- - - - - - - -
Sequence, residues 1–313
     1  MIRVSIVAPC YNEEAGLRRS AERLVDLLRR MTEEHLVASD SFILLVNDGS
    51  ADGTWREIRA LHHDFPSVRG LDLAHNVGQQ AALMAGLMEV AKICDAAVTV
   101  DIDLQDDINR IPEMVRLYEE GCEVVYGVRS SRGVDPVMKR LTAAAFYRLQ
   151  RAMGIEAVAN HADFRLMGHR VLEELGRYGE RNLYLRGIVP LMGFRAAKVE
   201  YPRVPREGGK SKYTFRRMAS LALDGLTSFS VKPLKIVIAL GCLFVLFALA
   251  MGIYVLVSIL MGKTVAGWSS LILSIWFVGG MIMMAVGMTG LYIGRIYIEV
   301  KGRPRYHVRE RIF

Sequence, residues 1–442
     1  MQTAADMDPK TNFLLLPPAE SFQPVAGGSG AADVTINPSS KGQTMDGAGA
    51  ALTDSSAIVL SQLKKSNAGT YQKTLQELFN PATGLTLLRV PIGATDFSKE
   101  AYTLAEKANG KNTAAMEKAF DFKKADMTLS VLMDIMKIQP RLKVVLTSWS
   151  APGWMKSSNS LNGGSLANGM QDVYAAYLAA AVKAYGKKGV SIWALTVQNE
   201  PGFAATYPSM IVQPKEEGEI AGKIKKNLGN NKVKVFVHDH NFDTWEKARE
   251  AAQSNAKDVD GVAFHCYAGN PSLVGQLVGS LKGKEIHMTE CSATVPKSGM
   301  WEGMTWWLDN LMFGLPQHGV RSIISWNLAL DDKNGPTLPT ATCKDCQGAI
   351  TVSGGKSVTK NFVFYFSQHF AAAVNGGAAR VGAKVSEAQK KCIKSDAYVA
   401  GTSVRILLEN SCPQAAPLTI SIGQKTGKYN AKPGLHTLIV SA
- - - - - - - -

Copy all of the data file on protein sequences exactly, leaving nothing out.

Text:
Sequence, residues 1–313
     1  MIRVSIVAPC YNEEAGLRRS AERLVDLLRR MTEEHLVASD SFILLVNDGS
    51  ADGTWREIRA LHHDFPSVRG LDLAHNVGQQ AALMAGLMEV AKICDAAVTV
   101  DIDLQDDINR IPEMVRLYEE GCEVVYGVRS SRGVDPVMKR LTAAAFYRLQ
   151  RAMGIEAVAN HADFRLMGHR VLEELGRYGE RNLYLRGIVP LMGFRAAKVE
   201  YPRVPREGGK SKYTFRRMAS LALDGLTSFS VKPLKIVIAL GCLFVLFALA
   251  MGIYVLVSIL MGKTVAGWSS LILSIWFVGG MIMMAVGMTG LYIGRIYIEV
   301  KGRPRYHVRE RIF

Sequence, residues 1–442
     1  MQTAADMDPK TNFLLLPPAE SFQPVAGGSG AADVTINPSS KGQTMDGAGA
    51  ALTDSSAIVL SQLKKSNAGT YQKTLQELFN PATGLTLLRV PIGATDFSKE
   101  AYTLAEKANG KNTAAMEKAF DFKKADMTLS VLMDIMKIQP RLKVVLTSWS
   151  APGWMKSSNS LNGGSLANGM QDVYAAYLAA AVKAYGKKGV SIWALTVQNE
   201  PGFAATYPSM IVQPKEEGEI AGKIKKNLGN NKVKVFVHDH NFDTWEKARE
   251  AAQSNAKDVD GVAFHCYAGN PSLVGQLVGS LKGKEIHMTE CSATVPKSGM
   301  WEGMTWWLDN LMFGLPQHGV RSIISWNLAL DDKNGPTLPT ATCKDCQGAI
   351  TVSGGKSVTK NFVFYFSQHF AAAVNGGAAR VGAKVSEAQK KCIKSDAYVA
   401  GTSVRILLEN SCPQAAPLTI SIGQKTGKYN AKPGLHTLIV SA